India is in a cloud of economic optimism but its industrial data are in a permanent fog

August 15, 2013

Optimism the Indian economy will soon recover, despite no sign that it is anywhere near doing so, has increasingly led forecasters to overestimate industrial production growth.

Incessant official revisions to the data, after initial forecasts are proved wrong, also mean investors and companies don’t have a clear and timely view.

This too could be another thing holding back Asia’s third largest economy.

The latest industrial data came as a shock this week.

Factory output contracted by 2.2 percent in June from a year earlier, nearly twice as bad as the 1.2 percent fall predicted in the Reuters poll.

That was the eleventh month since January 2012, and the third in a row, in which economists have overestimated it.

In May, they were caught completely off guard, predicting an expansion in output when it fell. This has occurred six times during the past 18 months.

Daniel Martin, economist at Capital Economics in Singapore, who predicted 0.5 percent growth says:

Generally, economists have been expecting India to recover and it just hasn’t materialised. There was a lot of optimism last year when the government announced all those reforms causing many to expect India to revert to the 8 percent growth rate. Forecasters will now start bringing down those expectations.

Month to month movements can be quite tricky to handle and we hope to do a lot better in annual growth rates and where the economy is generally trending.


India announced a host of reforms to attract foreign capital, ranging from increased investment caps in various sectors apart from allowing companies from abroad to set up shop in the country. Those measures haven’t done much good yet.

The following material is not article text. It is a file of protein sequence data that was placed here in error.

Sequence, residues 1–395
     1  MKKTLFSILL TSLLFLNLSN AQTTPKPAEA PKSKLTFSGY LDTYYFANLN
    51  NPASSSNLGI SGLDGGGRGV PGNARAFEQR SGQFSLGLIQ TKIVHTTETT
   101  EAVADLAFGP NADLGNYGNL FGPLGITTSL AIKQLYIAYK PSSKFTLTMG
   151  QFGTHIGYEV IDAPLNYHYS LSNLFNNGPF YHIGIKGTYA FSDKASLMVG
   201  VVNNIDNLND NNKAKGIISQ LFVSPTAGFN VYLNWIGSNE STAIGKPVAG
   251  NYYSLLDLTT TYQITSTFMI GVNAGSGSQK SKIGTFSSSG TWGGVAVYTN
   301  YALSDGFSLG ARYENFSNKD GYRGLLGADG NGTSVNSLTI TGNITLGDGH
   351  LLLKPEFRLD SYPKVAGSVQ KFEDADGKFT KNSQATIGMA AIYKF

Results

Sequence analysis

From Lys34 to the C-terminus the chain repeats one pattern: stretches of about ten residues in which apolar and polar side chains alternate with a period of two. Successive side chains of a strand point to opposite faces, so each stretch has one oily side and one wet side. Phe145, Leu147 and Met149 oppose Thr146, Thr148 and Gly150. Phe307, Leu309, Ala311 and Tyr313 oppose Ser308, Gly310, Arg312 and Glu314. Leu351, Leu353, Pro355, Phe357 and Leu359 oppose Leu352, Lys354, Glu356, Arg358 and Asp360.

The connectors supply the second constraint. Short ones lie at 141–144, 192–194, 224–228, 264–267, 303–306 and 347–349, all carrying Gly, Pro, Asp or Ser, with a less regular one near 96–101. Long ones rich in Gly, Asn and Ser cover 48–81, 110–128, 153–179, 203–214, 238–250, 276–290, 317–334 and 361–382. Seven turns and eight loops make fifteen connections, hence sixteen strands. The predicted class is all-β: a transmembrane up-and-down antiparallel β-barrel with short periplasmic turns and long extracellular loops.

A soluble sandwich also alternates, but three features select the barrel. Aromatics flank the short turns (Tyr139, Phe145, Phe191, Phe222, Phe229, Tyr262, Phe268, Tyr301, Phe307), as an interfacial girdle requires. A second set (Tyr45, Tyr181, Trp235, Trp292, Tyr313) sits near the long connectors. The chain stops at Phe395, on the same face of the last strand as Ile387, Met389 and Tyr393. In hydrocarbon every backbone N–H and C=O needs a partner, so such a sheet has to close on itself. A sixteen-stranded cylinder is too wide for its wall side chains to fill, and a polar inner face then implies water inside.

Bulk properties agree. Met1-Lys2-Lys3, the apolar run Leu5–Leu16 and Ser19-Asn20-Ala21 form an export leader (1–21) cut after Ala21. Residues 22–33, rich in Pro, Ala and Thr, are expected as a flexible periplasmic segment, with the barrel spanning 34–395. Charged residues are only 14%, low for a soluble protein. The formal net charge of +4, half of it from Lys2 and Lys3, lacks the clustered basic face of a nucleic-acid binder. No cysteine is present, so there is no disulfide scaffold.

Cue Prime Minister Manmohan Singh, who declared on Thursday that the positive impact of steps taken to attract foreign direct investment would be felt within months and that the economic slowdown was not expected to last long.

But the Prime Minister’s views are likely based on optimism instead of economic data.

Although the Indian factory production data is published with a 45 day lag, other indicators like infrastructure output data and HSBC/Markit’s manufacturing PMI tend to fill the gap.

Both of these measures suggested factory output came to halt in June, showing at least two weeks ahead what to expect from official figures.

The PMI also pointed to shrinking output, a component that has a high degree of co-relation with the government data.

And frequent and big revisions to official data don’t make things any clearer.

The country’s statistics agency usually revises previous numbers, which is a common practise worldwide — except that sometimes these changes in India are usually quite large.

Apart from completely altering perceptions among financial and business professionals, these changes require large adjustments to forecasts.

In June, the government released the April factory output data only to revise it twice the following day, citing corrections to the power index.

While Martin says investors probably aren’t perturbed by data revisions, “there’s no doubt that it does make it more difficult for businesses to understand what’s going on in the economy.”

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